Over 40 million Americans over the age of 18 suffer from an anxiety-related
disorder in a given year. That represents approximately 18% of the adult
American population in the United States. While most of these people can manage their condition with
medications and therapy, others cannot. For some, an anxiety-related disorder
can prove debilitating to the point that it prevents normal functioning on a
day-to-day basis. For such people, anxiety can make gainful employment
impossible and creates a financial catastrophe.
Fortunately, Social Security
Disability (SSD) or SSI can serve as a critical financial lifeline for those
people disabled by anxiety-related disorders. In this post, I will review the
criteria necessary to meet Social Security's medical listing for anxiety and, thus, qualify for
SSD or SSI benefits. It is important to note that you can still qualify for benefits even if your anxiety does not meet the level of the medical
listing. In that case, you will have to demonstrate that your anxiety (and
any other medical conditions) would prevent you from sustaining full time work
– 8 hours a day, 5 days a week.
Defining Anxiety-Related Disorders
The Social Security Administration (SSA) defines an anxiety-related
disorders as a condtiion in which either:
- anxiety is experienced consistently, or
- anxiety is felt when the individual tries to
overcome symptoms of another condition. Examples of this definition would be
anxiety experienced during attempts to confront a dreaded object or situation
for people suffering from phobias or during attempts to resist obsessions or
compulsions by those suffering from obsessive-compulsive disorder (OCD).
Medical Listing for Anxiety
A medical listing is a collection of medical criteria created by the Social Security Administration (SSA) for a particular condition to qualify for disaiblity benefits. If
your condition meets the criteria in the medical listing, you will meet the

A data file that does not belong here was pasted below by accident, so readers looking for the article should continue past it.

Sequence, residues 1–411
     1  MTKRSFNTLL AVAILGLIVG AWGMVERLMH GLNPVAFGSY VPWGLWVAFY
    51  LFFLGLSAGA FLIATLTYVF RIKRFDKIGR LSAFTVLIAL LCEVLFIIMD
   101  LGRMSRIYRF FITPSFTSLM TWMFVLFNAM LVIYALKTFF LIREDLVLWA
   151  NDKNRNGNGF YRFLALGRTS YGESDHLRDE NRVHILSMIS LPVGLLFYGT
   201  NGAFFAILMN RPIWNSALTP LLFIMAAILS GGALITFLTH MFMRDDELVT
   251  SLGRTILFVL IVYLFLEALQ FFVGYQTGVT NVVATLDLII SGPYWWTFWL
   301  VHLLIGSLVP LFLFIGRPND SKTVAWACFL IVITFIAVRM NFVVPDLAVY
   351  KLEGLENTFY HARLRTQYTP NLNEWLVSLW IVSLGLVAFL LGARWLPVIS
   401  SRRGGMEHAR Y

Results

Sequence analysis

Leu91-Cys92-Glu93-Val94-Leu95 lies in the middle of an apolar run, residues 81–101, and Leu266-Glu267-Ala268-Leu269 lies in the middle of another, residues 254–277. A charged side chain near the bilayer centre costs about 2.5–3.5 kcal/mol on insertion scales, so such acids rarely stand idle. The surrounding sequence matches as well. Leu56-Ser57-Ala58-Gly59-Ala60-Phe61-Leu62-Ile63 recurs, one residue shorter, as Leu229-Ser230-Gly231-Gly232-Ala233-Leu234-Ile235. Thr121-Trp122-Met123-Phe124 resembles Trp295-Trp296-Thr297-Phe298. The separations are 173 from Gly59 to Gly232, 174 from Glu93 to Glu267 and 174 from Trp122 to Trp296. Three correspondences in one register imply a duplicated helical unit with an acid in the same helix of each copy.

medical requirements necessary for receiving Social Security Disability
benefits and be approved.
According to the SSA, an anxiety-related
disorder is a medically documented condition with at least one of the following
- Generalized persistent anxiety accompanied by
three of the four following groups of signs or symptoms:
- Motor Tension: trembling, restlessness, easy
fatigability, tension of muscles
- Autonomic hyperactivity: shortness of breath,
rapid heartbeat, dizziness, cold hands
- Apprehensive expectation: sense of impending
- Vigilance and scanning: increased startling,
trouble with concentration, feeling nervous/anxious/wound up.
- Phobic disorder: A persistent irrational fear
(phobia) of a specific object, activity, or situation that results in an
overwhelming desire to avoid such objects, activities, or situations.
- Panic attacks: Audden unpredictable onset of
intense apprehension, fear, terror and sense of impending doom that occur at
least once a week on average.
- OCD: Obsessions and compulsions that cause
significant anxiety or distress.
- Post-Traumatic Stress Disorder: Recurrent
intrusive recollections of a traumatic experience that cause marked distress
Does your condition cause severe functional limitations? The second consideration is whether your condition is severe enough to limit